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Five Questions with Healthcare Data Expert Dave John

July 18, 2019

Dave John joined iSpecimen last month as vice president of product management. Dave is a life sciences data and informatics expert with extensive experience developing solutions for genomics, translational medicine, clinical trials and electronic health records. He will help shape future capabilities of the iSpecimen Marketplace.

1. You are a data expert. How does data relate to streamlining the procurement of biospecimens for research?

Using data to identify and procure specimens is nothing new. Traditionally, the process has been manual and required significant effort for each request, yielding long lead times to place orders and significant time investment from researchers. By getting the data up front, we harmonize and enrich the data to make it searchable by researchers. As a result, researchers can identify what they are looking for quickly and partners don’t need to spend time digging into data to determine if they can complete a request. Having the data up front and ready to be searched reduces the effort to procure specimens substantially.

2. iSpecimen enables access to more than 25 million human biospecimens. If we have data about each specimen and each patient who donated it (though no identifying data), we would have a lot of valuable information. What could we do with it?

In addition to expediting the process of identifying and procuring specimens, data can be used to help biobanks determine which specimens researchers need and what they need to store. Additionally, there are significant opportunities to enable research with data independent of the specimens. The data we are gathering is classified as Real World Data (RWD). RWD supports clinical trial design and enrollment, monitoring drug safety and adverse events (pharmacovigilance), Health Economics and Outcomes Research (HEOR), and countless other applications. The data iSpecimen accesses can be used to improve the quality and reduce the cost of healthcare by enabling more effective research in healthcare.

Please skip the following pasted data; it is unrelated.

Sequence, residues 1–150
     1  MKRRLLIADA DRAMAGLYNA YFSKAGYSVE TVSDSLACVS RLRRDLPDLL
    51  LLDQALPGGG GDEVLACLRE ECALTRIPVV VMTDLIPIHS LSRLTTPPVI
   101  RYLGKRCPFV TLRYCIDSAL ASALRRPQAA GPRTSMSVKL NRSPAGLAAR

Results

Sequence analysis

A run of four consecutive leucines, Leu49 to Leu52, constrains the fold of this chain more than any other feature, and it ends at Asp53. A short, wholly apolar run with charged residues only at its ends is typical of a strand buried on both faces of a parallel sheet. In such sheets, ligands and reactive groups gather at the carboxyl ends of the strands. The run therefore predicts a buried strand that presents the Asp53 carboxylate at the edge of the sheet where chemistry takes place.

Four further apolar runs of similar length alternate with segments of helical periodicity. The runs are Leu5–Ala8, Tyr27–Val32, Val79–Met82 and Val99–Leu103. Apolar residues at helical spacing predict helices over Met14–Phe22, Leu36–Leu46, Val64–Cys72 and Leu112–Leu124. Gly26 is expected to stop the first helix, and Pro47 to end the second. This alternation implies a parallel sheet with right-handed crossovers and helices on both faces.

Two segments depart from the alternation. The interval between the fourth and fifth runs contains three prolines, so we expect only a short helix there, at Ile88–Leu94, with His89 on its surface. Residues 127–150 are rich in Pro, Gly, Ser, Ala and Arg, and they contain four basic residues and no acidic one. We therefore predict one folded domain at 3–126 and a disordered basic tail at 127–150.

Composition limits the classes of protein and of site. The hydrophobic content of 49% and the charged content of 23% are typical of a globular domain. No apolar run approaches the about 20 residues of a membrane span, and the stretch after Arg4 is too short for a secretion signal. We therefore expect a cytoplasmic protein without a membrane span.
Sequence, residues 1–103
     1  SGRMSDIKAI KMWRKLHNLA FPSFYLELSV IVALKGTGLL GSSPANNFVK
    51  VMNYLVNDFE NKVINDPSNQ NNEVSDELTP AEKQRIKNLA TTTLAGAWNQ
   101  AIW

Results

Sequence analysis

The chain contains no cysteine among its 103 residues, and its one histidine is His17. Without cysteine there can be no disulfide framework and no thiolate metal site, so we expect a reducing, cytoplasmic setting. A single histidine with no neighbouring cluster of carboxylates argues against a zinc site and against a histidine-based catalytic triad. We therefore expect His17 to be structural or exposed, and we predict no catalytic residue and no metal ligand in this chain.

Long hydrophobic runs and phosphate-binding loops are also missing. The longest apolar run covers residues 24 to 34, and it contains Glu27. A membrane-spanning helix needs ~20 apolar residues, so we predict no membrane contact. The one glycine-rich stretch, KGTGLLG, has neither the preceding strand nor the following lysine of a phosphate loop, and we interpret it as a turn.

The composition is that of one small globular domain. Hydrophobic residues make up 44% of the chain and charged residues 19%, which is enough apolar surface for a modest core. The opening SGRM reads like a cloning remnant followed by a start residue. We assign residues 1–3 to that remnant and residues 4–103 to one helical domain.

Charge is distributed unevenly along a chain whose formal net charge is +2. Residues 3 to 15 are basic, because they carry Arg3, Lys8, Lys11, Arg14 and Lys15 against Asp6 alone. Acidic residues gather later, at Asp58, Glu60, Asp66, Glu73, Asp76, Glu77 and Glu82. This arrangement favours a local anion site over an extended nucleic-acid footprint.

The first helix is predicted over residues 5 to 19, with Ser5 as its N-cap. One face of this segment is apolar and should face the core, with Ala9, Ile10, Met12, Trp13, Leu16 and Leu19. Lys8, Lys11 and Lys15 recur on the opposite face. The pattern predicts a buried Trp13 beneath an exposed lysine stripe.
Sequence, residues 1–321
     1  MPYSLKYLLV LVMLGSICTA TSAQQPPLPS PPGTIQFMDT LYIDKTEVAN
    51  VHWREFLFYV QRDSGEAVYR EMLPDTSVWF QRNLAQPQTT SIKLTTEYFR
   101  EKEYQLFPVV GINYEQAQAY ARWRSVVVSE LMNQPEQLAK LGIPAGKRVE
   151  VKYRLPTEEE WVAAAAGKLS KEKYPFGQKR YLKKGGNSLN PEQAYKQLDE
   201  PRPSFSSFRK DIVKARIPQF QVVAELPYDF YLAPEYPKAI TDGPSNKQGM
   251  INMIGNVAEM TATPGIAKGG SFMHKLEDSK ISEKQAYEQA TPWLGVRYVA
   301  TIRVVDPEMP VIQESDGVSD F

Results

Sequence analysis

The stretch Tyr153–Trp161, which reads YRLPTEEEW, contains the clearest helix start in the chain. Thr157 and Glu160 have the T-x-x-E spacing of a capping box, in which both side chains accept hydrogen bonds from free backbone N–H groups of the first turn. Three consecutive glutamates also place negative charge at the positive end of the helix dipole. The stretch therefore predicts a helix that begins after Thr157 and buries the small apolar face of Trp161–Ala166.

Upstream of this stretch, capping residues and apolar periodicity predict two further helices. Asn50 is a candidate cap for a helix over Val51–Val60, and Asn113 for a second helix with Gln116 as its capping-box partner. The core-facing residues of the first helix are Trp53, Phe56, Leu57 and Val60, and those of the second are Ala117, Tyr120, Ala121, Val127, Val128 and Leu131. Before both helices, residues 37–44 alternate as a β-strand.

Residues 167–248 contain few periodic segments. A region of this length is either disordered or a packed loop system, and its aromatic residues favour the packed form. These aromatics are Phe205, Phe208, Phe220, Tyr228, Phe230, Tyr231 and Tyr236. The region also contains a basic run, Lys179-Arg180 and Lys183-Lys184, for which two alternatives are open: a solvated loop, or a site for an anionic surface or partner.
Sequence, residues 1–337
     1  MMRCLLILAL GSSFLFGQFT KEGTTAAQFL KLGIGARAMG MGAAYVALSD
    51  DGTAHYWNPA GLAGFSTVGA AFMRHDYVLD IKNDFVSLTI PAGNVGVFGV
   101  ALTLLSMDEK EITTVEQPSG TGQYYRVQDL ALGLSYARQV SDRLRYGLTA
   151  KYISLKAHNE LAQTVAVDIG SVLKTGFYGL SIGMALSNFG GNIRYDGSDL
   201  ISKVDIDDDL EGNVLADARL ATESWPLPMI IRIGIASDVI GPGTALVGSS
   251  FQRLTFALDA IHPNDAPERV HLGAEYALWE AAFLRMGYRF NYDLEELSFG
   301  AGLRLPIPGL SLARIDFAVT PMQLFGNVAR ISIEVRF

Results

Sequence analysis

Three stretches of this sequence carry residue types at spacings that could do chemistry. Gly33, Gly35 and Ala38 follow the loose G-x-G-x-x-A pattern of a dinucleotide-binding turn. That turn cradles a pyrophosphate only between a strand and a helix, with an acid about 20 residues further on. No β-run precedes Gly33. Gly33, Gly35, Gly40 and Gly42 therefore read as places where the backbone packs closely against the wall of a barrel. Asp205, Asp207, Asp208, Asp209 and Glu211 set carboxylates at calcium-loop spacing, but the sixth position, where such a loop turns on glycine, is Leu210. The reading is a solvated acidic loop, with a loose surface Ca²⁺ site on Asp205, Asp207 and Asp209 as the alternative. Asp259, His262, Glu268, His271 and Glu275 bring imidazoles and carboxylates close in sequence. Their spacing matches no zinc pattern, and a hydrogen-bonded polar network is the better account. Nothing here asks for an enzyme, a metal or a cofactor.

3. How will data science figure into the evolution of the iSpecimen Marketplace over the next five years? Or 25 years?

Data science and real world data are enabling researchers to predict, prevent, and treat diseases more effectively and at lower cost than learning through experiments on animals or humans alone. Given iSpecimen’s mission to help accelerate medical research by connecting researchers to patients, samples, and data, providing access to larger data sets will grow in importance to the company and its client base. As a result, the iSpecimen Marketplace will evolve to support an ever-expanding amount of real world data to ensure that iSpecimen can help researchers acquire the samples and data they need to expedite research.

4. How else will data improve health care?

Data is already being used to support precision medicine, pharmacovigilance, predicting and preventing epidemics, and disease diagnosis and treatment. However, we can go far beyond that. As a nation, we spend a huge amount of the expenditures in health care on preventable diseases. As we use data to identify how to prevent these diseases, we have the potential to change health education, food and health policy, and other factors that could dramatically improve the overall health of our population.

5. What do you do when you’re not working with life sciences data?

I spend as much time as I can unplugged from technology and enjoying time with my family. That entails summer hiking and camping trips, winter ski trips, coaching or watching kids sports, or just getting out for a walk on local trails. When I’m not focused on the family, I’m training for a triathlon or running race. Regardless of what I’m doing, I stay active and in nature as much as possible.